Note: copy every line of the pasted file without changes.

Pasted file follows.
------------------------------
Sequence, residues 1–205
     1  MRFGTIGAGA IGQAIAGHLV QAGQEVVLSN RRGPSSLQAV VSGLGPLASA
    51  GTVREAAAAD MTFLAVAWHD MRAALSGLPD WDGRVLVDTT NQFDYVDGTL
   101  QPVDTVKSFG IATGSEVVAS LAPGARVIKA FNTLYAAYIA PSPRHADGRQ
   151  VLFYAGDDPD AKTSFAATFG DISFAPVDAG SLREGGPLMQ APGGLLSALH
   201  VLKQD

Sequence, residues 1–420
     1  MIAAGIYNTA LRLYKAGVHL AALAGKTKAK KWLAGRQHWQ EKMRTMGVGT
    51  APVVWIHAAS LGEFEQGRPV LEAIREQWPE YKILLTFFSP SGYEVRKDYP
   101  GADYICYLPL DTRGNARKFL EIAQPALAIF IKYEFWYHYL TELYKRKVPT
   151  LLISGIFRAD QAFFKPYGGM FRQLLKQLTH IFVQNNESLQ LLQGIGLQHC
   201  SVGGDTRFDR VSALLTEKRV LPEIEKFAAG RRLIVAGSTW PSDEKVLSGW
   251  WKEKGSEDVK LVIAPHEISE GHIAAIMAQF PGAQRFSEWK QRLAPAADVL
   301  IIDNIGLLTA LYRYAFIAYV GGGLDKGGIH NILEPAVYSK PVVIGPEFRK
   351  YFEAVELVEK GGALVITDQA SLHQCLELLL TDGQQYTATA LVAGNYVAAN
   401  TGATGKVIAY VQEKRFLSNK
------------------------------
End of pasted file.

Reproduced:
Sequence, residues 1–205
     1  MRFGTIGAGA IGQAIAGHLV QAGQEVVLSN RRGPSSLQAV VSGLGPLASA
    51  GTVREAAAAD MTFLAVAWHD MRAALSGLPD WDGRVLVDTT NQFDYVDGTL
   101  QPVDTVKSFG IATGSEVVAS LAPGARVIKA FNTLYAAYIA PSPRHADGRQ
   151  VLFYAGDDPD AKTSFAATFG DISFAPVDAG SLREGGPLMQ APGGLLSALH
   201  VLKQD

Sequence, residues 1–420
     1  MIAAGIYNTA LRLYKAGVHL AALAGKTKAK KWLAGRQHWQ EKMRTMGVGT
    51  APVVWIHAAS LGEFEQGRPV LEAIREQWPE YKILLTFFSP SGYEVRKDYP
   101  GADYICYLPL DTRGNARKFL EIAQPALAIF IKYEFWYHYL TELYKRKVPT
   151  LLISGIFRAD QAFFKPYGGM FRQLLKQLTH IFVQNNESLQ LLQGIGLQHC
   201  SVGGDTRFDR VSALLTEKRV LPEIEKFAAG RRLIVAGSTW PSDEKVLSGW
   251  WKEKGSEDVK LVIAPHEISE GHIAAIMAQF PGAQRFSEWK QRLAPAADVL
   301  IIDNIGLLTA LYRYAFIAYV GGGLDKGGIH NILEPAVYSK PVVIGPEFRK
   351  YFEAVELVEK GGALVITDQA SLHQCLELLL TDGQQYTATA LVAGNYVAAN
   401  TGATGKVIAY VQEKRFLSNK